Kyra Sedgwick isn't too proud to admit she's no longer on Hollywood's A-list. "To be perfectly frank, there was a time when I was on a really fast trajectory [towards movie stardom]," says the 39-year-old actress. "Then, I got married and had kids. And you know what? I kind of blew it."I didn't really blow it, of course," she adds, "but I stopped my own flow. I met the right person, we wanted to have kids and we did. Somewhere along the way, doing studio pictures just stopped for me and I don't know why. But I can tell you that it's my road and it won't look like anyone else's and for that, I'm very proud."
The latest stop on Sedgwick's career path is a just-released indie film, The Woodsman. She plays Vickie, a woman with a troubled past who falls in love with Walter, a convicted pedophile recently released from prison. Tough stuff, made even tougher by the fact that Sedgwick's co-star in the movie is her real-life husband Kevin Bacon.
"It's the hardest acting job I've ever had to do by far," Sedgwick says of working with Bacon. "There's a trust there that lets us go to deep places, but we know we can go to deep places anyway. He's an unbelievably amazing actor. You throw the ball and he throws it back in an interesting and surprising way. As much as I know him, I'm constantly amazed at his choices, which really is where your talent lies.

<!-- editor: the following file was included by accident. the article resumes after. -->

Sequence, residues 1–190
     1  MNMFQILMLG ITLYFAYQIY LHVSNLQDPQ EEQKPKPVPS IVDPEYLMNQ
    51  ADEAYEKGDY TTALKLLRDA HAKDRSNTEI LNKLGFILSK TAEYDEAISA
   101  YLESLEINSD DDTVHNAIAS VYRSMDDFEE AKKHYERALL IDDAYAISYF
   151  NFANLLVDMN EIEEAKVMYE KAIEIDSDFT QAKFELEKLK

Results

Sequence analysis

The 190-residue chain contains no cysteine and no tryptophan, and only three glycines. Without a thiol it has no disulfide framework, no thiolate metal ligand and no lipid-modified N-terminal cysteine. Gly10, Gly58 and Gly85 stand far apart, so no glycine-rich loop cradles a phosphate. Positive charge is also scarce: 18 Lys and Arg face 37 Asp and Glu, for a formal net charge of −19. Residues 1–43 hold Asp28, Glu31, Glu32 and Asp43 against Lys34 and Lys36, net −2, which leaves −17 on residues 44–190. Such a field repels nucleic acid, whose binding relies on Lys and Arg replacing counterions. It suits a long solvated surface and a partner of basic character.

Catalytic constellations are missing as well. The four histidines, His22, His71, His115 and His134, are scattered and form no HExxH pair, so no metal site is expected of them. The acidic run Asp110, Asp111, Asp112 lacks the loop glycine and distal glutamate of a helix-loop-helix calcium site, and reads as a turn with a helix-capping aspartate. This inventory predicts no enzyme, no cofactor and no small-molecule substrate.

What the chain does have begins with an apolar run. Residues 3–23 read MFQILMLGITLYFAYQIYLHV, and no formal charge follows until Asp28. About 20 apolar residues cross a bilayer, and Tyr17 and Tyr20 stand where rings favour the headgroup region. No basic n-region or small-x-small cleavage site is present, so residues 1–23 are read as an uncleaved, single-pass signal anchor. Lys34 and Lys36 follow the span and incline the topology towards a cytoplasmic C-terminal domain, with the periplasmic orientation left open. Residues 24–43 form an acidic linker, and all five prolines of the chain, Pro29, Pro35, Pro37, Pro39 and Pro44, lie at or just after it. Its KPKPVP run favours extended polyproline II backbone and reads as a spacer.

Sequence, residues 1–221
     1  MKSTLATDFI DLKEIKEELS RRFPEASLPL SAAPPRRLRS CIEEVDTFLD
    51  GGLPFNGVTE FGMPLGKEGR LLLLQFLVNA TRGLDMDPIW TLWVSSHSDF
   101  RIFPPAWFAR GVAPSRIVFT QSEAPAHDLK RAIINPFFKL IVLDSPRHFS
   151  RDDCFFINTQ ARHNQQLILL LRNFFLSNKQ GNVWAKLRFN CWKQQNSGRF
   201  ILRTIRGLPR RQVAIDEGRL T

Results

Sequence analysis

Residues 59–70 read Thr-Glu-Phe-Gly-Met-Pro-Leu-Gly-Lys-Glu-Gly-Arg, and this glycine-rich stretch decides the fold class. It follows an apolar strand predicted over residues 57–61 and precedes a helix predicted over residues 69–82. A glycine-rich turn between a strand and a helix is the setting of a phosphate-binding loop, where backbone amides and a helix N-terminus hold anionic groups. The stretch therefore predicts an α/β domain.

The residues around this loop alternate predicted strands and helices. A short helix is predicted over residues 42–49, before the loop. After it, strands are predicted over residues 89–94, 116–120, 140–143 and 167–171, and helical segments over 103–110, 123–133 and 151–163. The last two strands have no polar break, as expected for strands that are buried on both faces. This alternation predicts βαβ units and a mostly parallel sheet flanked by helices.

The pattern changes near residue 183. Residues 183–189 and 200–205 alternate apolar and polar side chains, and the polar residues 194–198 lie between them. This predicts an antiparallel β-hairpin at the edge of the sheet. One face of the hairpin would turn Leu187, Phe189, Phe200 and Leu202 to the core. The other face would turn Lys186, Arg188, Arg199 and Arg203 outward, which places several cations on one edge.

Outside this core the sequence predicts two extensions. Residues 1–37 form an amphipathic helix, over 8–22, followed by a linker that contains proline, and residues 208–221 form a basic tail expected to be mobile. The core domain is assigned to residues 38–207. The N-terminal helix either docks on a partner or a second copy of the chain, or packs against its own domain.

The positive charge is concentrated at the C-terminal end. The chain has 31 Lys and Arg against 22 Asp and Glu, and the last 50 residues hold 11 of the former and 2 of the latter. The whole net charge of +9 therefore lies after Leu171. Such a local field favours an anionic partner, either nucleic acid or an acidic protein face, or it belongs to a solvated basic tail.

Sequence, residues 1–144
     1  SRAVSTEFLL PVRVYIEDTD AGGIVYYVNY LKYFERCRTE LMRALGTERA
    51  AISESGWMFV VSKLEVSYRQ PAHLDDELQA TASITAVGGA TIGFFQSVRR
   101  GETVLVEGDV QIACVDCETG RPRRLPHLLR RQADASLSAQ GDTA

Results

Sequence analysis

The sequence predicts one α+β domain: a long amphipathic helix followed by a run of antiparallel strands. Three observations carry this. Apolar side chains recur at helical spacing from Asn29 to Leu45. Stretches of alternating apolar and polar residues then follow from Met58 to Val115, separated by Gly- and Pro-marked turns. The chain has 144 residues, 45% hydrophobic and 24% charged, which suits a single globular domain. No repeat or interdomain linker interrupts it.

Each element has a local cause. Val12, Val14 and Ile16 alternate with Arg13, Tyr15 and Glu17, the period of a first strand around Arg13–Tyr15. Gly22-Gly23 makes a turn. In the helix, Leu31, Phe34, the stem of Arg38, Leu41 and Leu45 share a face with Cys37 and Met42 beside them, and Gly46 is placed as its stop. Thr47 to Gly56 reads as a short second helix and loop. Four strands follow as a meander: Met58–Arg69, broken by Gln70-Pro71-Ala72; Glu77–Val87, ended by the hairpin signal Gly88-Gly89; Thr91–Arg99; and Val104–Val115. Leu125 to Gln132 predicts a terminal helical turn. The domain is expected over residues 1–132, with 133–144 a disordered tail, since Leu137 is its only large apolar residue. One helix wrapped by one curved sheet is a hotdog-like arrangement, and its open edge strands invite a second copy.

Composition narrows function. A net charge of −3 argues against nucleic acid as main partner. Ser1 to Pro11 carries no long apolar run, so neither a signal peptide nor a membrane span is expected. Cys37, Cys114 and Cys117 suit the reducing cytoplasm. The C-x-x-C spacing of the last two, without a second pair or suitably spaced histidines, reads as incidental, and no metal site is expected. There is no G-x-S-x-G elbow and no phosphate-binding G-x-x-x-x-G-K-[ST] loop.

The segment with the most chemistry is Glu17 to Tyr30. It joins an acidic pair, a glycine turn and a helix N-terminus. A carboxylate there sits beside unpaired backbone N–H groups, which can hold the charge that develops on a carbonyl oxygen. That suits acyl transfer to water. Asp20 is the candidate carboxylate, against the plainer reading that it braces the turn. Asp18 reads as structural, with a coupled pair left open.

"I think we've gotten a little braver about working together," Sedgwick continues. "I had a career before I met Kevin and vice versa. In some ways, the fact that we're married has worked against me. I never wanted to capitalize on it or jump on his coattails. I also don't think that people like seeing couples working together very much. But [we feel like] we're good enough and we can pull this off."
Clearly, the couple feels secure enough in their personal life to take their professional relationship to the next level. Bacon recently finished directing his wife in the independent film Loverboy, which debuts at the Sundance Film Festival in January. "He's an amazing director," gushes Sedgwick. "I'd work with him as a director every time out."
But don't expect her to return the favor. "I don't want to direct," she says. "I am a good producer — I'm good at hiring other people to do jobs I know I can't do. As far as directing goes, I just don't know if I have the head for it. I'd be good working with actors, but would have trouble visualizing how it all comes together."